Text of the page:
Cycle Touring Question of the Week #3: Preparing a new bike for its first tour


Why are we asking?

It’s a timely question for us. Our brand new bikes will be ready for us to collect from the shop on April 6th. We want to prepare properly before taking them out on the road, and to lay the first foundations of a caring relationship between us and our bikes.

It’s good to know how. Part of the appeal of cycling touring is the independence that it offers. Confidence comes from knowing how to set up and maintain our equipment; it means we can concentrate on the ride without worrying about the bike. Self reliance is satisfying. Our city has limited access to specialised bike shops – most only handle mama-chari city bikes. DIY is our only option.

A sample of the answers we received on Twitter.

A sample of the answers we received on Twitter.

There were several types of advice about preparation that we found, including: mechanical checks of the bicycle and its parts; adding custom components, like a new saddle; bicycle fit adjustments; test rides; security advice. There’s some overlap between these categories. For example, painful test rides can mean a further fit adjustment is required, forming a kind of feedback loop. Some mechanical adjustments are only possible after test rides, such as tuning up extended cables. We summarised the tips we found into five steps.

Five steps to preparing a new bike for its first tour

Step 1: Initial mechanical checks – check over the bike from front to back. Make sure every bolt is tightened, everything that needs lube is lubed, and that the moving parts move the way they’re supposed to. There are several simple bicycle maintenance guides available online – we like this one by London Cyclist. For your first check, go through everything on the monthly checklist. Use this as an example that you’ll repeat regularly. Build good maintenance habits. Buy a calendar. Set up your ongoing maintenance routine, and stick to it.

Step 2: Add-ons and upgrades – install any required parts that don’t come with your new bike, and replace any parts that you want to upgrade. Our new bikes ship without pedals, racks or mudguards, so we need to add those before we can begin touring. Check local laws, which may require bikes to be fitted with lights and a bell. We’re adding dynamo hubs to our front wheels. Many cyclists replace the standard saddle for a more comfortable model, or swap in handlebars of a different shape.

Step 3: Adjustments for fit and test rides – the position of the saddle, handlebars and pedals can have a big impact on the comfort and power output of a cyclist. The owners’ handbooks that we reviewed (Trek, Specialized, Kona) give a simple introduction to bike fit. Peter White’s overview of the principles of bike fit is great for more detailed information. We recommend following up your initial fit with a series of test rides, using Sheldon Brown’s guide to bicycle pain to address any discomfort you experience. Test, adjust, test, adjust, repeat until comfortable. Don’t forget to test your fit with the kind of rig you’ll be carrying when touring, as additional weight will put different demands on your body.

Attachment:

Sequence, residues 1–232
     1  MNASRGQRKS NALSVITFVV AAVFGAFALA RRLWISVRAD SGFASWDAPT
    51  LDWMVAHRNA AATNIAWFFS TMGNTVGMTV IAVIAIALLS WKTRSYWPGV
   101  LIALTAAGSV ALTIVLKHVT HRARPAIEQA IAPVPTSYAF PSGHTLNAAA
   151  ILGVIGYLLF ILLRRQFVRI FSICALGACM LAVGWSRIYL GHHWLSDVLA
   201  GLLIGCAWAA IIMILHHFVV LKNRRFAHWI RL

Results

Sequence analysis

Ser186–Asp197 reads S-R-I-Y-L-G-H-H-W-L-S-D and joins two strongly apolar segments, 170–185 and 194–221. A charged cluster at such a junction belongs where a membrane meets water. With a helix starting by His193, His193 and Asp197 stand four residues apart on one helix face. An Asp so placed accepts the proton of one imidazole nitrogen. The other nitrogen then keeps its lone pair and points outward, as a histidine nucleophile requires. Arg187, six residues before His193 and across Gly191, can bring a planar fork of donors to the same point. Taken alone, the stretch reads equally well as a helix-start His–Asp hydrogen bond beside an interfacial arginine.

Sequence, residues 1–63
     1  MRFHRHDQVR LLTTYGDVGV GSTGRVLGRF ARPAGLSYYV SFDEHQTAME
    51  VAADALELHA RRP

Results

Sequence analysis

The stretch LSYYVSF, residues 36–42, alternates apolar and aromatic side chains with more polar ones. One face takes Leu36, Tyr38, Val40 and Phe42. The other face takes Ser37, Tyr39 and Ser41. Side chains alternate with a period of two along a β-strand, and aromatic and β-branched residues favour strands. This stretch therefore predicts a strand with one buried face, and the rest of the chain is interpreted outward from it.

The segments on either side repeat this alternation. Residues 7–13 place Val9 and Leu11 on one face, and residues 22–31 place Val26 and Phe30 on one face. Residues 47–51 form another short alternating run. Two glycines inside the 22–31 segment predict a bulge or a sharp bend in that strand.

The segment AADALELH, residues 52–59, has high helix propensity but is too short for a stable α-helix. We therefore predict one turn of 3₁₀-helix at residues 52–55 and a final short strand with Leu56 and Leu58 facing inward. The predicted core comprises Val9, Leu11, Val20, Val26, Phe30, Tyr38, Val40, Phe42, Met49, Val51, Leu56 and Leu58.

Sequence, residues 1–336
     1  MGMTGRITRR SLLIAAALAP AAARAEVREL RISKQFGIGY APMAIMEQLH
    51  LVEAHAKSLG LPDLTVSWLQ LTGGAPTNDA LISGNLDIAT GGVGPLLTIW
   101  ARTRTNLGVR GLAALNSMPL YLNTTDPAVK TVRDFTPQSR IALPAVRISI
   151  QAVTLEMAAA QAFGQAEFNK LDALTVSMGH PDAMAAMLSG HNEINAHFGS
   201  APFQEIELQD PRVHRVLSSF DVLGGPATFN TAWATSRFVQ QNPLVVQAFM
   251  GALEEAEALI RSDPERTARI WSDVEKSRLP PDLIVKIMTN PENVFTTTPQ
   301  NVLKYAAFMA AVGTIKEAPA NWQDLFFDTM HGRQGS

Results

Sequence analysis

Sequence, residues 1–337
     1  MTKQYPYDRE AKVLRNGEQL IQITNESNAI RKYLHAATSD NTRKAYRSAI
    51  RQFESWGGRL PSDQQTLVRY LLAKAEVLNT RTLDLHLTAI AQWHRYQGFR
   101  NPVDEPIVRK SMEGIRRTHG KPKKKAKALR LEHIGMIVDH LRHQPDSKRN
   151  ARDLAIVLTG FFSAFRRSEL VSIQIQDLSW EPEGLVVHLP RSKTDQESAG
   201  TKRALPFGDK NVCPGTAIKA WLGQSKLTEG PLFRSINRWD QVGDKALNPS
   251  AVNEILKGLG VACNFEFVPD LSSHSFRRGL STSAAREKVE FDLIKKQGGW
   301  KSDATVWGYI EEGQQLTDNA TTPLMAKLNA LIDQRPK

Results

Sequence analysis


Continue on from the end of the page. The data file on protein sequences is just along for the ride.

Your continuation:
Step 4: Post break-in tune up – a new bike needs to be tuned up after a certain amount of riding to account for cable stretch. Slight stretches to new cables affect braking and gear shifting, with more pull needed to brake, and trouble shifting into the far ends of available gears. This can be solved with a little adjustment, but different types of brakes and gears require different tune-up methods, so it’s worth checking with a reliable source like Sheldon Brown or Park Tool first. This first tune-up is another good opportunity to go over your monthly maintenance checklist.

Step 5: Fully loaded test overnight – before riding across continents, ride around your county. Choose an appropriate destination, and then ride your fully loaded bike out to it for a test overnight stay. Be generous when planning your journey times, so as to have lots of room to make alterations to how your gear is carried. If you can arrive with plenty of daylight left, it’ll be easier to examine your bike. Inspect racks and other load-bearing parts, and check for signs of rubbing or scraping. Do this on top of your other every ride checks at the end of the day. When you’re satisfied, sit back and relax. Take a photograph. Enjoy the moment.

Your bike is the single most important piece of equipment when cycle touring. With good preparation and maintenance, your bike can give you amazing freedom to explore the world, with the immense pleasure of doing it at your own pace, and the satisfaction of travelling under your own power. Take care of your new bike, and it will take you places.

Joshua Tack of the Adventure Cycling Association has put together a really good pre-tour bike maintenance checklist, much of which also applies to a new bike. Check it out.

Thanks to everybody who helped out with this Cycle Touring Question of the Week. Thanks especially to @TravellingTwo, @MrMarkBeaumont, @cyclingeurope, @alexscycle, @goingbybikes, @cycletraveller, @ShaneCycles, @tiredofitdotca and @DanielMartinAdv on Twitter. Thanks to Sheldon Brown, Peter White, Park Tool and Josh at ACA, who I’ve linked to above, and to Andreas at London Cyclist.

Keep an eye on the hashtag #ctqotw for more cycle touring questions and answers.

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